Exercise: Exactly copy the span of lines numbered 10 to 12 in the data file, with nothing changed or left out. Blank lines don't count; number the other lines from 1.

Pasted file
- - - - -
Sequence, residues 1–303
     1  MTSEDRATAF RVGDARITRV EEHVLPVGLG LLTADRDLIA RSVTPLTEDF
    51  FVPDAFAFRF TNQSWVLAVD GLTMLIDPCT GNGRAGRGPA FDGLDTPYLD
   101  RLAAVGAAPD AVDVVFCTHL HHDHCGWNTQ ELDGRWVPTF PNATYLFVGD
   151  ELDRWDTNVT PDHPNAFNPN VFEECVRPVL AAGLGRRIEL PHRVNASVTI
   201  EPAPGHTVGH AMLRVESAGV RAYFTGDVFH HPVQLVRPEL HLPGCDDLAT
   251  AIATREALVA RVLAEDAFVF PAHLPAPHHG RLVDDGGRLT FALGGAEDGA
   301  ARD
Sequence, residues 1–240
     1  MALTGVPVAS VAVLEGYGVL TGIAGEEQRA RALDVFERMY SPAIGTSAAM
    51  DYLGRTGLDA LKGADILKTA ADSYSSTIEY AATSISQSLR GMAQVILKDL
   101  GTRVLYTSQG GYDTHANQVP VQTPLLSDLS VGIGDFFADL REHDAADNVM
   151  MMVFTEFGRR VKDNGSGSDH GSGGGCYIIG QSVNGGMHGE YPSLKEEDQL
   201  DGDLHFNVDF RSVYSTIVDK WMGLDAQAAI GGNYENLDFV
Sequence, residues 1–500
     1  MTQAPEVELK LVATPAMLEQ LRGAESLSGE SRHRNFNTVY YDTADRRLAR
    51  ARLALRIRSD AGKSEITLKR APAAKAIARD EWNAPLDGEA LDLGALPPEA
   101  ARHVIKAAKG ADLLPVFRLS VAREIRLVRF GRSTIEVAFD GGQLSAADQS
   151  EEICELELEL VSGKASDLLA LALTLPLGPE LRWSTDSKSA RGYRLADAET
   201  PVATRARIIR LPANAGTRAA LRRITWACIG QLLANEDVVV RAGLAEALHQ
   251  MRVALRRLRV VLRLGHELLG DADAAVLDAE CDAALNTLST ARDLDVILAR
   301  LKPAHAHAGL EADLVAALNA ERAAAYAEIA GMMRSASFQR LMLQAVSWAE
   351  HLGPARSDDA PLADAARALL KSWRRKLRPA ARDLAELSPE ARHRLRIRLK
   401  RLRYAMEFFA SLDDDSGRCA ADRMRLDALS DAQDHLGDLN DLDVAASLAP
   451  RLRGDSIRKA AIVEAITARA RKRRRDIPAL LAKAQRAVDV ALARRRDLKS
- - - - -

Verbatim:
     1  MALTGVPVAS VAVLEGYGVL TGIAGEEQRA RALDVFERMY SPAIGTSAAM
    51  DYLGRTGLDA LKGADILKTA ADSYSSTIEY AATSISQSLR GMAQVILKDL
   101  GTRVLYTSQG GYDTHANQVP VQTPLLSDLS VGIGDFFADL REHDAADNVM